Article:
Rupert Murdoch, Lachlan’s father, was born there and built the foundation of his wealth there thanks to a little newspaper his father in Adelaide gave him. Almost two decades ago, Lachlan left his father’s media business in Manhattan due to internal conflict and traveled to Australia in an effort to establish himself. Australian-born wife of Lachlan. He is a citizen of Australia and calls it his home.
Despite his homecoming, Lachlan relocated to Sydney with his wife and kids during the pandemic. He now assists in leading the family media company. They remain residing there.
Fox Corp. and Fox News have defended their coverage of unproven allegations of voter fraud involving the election technology firms Dominion Voting Systems and Smartmatic by claiming that the network was merely reporting on interesting, if untrue, statements made by the then-president Donald Trump and his allies.
There was no appreciable electoral fraud in the 2020 presidential contest, according to Republican and Democratic election officials at the local, state, and federal levels. Many of the judges who rendered decisions against the Trump campaign’s legal challenges of the election results were judges who Trump himself selected.
Chris Stirewalt, a former political editor for Fox News, gets sworn in on June 13 in Washington, D.C., during a meeting of the Select Committee to Investigate the January 6th Attack on the U.S. Capitol. Getty Images/Jabin Botsford remove caption
switch to caption Getty Images/Jabin Botsford
Chris Stirewalt, a former political editor for Fox News, gets sworn in on June 13 in Washington, D.C., during a meeting of the Select Committee to Investigate the January 6th Attack on the U.S. Capitol.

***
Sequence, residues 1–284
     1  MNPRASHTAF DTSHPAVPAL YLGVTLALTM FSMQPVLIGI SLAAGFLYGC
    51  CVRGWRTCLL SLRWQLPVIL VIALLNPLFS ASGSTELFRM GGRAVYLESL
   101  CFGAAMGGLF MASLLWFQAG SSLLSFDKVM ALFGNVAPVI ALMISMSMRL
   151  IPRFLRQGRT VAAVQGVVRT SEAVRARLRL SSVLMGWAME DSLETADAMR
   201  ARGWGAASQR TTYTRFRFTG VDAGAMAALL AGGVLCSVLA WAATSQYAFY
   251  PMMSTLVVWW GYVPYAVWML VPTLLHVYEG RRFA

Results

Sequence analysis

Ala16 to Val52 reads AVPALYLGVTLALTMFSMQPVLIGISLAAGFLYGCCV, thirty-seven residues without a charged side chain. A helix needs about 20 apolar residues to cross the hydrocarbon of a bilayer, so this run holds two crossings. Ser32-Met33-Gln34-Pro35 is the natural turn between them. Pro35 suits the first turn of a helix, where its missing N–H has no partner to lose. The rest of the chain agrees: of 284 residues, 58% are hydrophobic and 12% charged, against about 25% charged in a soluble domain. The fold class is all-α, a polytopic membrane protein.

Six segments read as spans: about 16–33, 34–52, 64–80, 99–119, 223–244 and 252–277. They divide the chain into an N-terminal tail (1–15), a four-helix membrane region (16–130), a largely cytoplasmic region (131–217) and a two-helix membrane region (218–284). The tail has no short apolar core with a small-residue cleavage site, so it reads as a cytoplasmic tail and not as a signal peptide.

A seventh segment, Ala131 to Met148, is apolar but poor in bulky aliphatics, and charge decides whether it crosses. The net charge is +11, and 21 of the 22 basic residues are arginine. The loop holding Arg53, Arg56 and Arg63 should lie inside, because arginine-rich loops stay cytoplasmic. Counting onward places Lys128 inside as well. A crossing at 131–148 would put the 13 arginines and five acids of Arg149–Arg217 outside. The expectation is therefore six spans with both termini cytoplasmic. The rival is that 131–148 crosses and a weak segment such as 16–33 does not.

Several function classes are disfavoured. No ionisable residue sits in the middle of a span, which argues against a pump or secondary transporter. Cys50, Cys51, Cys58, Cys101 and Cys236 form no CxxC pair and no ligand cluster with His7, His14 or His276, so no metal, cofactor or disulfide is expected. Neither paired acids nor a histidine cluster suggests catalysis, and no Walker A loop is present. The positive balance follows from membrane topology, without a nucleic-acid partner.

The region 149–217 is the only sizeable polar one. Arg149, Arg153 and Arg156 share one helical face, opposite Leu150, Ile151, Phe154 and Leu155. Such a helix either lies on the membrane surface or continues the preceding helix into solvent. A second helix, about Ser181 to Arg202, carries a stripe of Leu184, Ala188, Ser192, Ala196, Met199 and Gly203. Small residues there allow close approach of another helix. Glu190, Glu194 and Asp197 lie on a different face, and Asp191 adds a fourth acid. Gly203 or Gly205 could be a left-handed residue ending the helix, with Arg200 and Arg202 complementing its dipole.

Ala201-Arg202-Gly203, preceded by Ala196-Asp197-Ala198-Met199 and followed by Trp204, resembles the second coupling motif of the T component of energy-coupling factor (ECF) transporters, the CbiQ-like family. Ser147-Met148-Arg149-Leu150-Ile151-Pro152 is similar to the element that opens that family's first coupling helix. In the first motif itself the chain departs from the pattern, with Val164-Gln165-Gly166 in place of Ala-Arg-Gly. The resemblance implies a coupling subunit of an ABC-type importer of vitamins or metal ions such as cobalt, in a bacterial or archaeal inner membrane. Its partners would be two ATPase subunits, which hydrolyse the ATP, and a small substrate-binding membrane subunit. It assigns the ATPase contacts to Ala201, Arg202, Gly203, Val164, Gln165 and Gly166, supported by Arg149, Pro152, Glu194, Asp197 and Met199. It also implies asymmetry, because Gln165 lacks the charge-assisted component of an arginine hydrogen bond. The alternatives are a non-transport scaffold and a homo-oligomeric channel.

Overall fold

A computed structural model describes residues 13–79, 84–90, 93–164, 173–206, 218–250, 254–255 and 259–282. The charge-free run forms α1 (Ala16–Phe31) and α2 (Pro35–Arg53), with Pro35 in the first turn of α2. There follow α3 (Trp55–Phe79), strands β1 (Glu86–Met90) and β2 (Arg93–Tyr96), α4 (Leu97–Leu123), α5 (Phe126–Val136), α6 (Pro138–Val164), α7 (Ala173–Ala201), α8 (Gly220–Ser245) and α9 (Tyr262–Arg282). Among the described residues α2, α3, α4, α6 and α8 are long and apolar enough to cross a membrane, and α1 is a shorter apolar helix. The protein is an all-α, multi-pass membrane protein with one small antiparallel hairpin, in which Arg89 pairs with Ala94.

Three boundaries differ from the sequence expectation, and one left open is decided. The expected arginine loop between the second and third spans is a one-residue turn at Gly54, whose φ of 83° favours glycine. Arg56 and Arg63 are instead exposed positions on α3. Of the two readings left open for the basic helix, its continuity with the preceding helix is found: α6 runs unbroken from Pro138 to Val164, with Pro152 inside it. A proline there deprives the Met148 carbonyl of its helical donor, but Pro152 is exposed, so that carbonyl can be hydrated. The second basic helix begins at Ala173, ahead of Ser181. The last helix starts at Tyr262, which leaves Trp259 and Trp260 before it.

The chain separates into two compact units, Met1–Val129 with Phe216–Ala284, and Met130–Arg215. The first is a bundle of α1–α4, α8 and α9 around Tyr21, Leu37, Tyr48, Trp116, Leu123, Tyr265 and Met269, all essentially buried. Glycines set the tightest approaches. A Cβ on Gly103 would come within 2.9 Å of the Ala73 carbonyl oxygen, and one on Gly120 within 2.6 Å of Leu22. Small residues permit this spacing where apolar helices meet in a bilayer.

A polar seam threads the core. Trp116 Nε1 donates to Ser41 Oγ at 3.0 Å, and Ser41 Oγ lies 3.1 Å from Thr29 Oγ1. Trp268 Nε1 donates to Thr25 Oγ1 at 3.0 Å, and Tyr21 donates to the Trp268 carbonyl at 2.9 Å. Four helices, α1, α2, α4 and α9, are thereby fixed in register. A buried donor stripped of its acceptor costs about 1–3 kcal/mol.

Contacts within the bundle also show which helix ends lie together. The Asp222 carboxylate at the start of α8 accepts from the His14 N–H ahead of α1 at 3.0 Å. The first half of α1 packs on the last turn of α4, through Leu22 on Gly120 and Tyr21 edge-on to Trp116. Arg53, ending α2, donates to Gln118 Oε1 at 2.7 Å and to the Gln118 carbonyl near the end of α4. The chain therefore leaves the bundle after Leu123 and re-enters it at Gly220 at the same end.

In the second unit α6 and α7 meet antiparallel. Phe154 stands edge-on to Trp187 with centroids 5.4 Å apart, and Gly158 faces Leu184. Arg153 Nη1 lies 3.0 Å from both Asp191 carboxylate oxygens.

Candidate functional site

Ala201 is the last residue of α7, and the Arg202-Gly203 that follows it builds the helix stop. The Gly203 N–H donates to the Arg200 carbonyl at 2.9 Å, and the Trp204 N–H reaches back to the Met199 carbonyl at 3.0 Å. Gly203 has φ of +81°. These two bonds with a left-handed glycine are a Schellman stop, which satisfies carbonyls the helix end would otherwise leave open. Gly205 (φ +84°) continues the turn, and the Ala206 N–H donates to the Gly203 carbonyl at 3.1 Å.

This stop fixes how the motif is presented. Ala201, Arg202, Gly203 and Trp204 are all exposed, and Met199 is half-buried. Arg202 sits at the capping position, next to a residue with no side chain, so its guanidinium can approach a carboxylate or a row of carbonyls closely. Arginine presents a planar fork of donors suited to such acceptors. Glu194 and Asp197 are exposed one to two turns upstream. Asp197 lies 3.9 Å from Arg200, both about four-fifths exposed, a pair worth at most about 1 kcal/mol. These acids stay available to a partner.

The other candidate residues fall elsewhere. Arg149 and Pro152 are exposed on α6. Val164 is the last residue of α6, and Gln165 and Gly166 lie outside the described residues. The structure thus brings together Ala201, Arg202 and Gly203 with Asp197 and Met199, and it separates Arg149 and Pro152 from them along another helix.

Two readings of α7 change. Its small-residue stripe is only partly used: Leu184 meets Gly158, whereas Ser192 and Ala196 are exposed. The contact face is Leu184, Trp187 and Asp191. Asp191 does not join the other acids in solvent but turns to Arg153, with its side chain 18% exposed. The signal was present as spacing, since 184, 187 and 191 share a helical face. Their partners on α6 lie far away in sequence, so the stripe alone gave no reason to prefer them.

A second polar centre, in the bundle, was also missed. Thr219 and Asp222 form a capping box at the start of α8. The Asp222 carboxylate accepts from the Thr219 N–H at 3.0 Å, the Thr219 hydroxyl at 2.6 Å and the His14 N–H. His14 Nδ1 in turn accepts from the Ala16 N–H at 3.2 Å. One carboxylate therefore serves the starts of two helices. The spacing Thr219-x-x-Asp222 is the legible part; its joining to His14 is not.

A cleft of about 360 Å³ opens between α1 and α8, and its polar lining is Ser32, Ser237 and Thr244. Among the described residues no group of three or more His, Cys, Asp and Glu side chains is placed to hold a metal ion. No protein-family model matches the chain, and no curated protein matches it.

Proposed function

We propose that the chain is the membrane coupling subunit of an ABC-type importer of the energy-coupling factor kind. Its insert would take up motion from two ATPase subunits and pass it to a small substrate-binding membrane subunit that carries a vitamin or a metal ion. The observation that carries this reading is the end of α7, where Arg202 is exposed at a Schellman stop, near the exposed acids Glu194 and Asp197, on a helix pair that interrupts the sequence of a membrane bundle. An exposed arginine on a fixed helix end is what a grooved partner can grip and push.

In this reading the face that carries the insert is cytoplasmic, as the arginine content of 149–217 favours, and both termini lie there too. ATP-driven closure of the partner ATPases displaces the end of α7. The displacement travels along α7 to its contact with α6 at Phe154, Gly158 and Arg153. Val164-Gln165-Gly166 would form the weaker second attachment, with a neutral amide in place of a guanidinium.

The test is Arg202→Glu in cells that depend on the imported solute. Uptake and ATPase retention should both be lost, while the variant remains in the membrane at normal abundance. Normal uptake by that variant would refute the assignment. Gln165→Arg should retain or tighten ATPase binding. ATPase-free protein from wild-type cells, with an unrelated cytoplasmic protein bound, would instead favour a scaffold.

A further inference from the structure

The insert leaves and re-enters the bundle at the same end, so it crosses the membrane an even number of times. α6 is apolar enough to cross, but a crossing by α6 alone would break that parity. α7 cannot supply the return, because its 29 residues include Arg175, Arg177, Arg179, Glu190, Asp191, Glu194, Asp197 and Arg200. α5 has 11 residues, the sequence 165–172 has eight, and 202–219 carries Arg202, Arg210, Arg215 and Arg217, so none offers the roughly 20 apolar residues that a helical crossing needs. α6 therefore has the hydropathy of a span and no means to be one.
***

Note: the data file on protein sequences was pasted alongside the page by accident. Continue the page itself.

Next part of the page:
Getty Images/Jabin Botsford Similar to this, Bernard Gugar, general counsel for Fox News in New York City, filed a formal complaint in September against the two-part documentary “Fox and the Big Lie” on Four Corners on the Australian Broadcasting Corp.
The documentary concentrated on Fox’s coverage after the 2020 elections, which it said helped Trump spread incorrect information. Gugar, however, claimed that the documentary was untrue and biased.
His first qualm was that it claimed to rely on network “insiders.” He pointed out that among the six ex-Fox News employees who spoke with ABC were those who had left the company as early as 2016 and 2017, as well as its former politics editor, who had been fired several months before to the election. (Fox infuriated Trump by being the first to predict that he would lose Arizona on election night in November 2020; this was done by their decision desk.)
Two persons with knowledge of the situation claim that the ABC’s internal body that considers outside concerns dismissed the complaint. Following that, Fox complained to the Australian Communications and Media Authority, the body in charge of regulating broadcasting there. The regulator hasn’t taken any action yet.
THE STUPID COLUMN THAT CAUSED THE SPAT The newest spat between the Murdochs and the Australian media centers on a post written by Bernard Keane, politics editor of Crikey, on June 29 that was motivated by the information provided by the House Select Committee looking into the uprising of January 6.
It’s unclear from Keane’s two allusions to a Murdoch whether the first one was directed at Lachlan or Rupert.
Unmistakably a piece of political criticism, the column’s headline refers to Trump as “a certified insane traitor” and continues, “Murdoch is his unindicted co-conspirator.”
In order to argue for the Murdochs’ moral guilt, the column’s concluding sentence achieves a great rhetorical crescendo: “The Murdochs and their bevy of poisonous Fox News commentators are the unindicted co-conspirators of this continuing calamity.”
Fox and Murdoch’s legal representative, Churchill, claims that linking the Murdochs to such horrific crimes is unfair, untrue, and ultimately defamatory.
Fox’s legal team has begun the process of bringing legal action against Crikey. Such cases are far simpler to win in Australia than they are in the US.
According to Crikey’s Fray to NPR, “We’re not going to be intimidated by Lachlan Murdoch any more.” We felt it was crucial to stand up for free speech and independent journalism, causes Lachlan Murdoch, his father Rupert, and even his grandfather over the years have supported.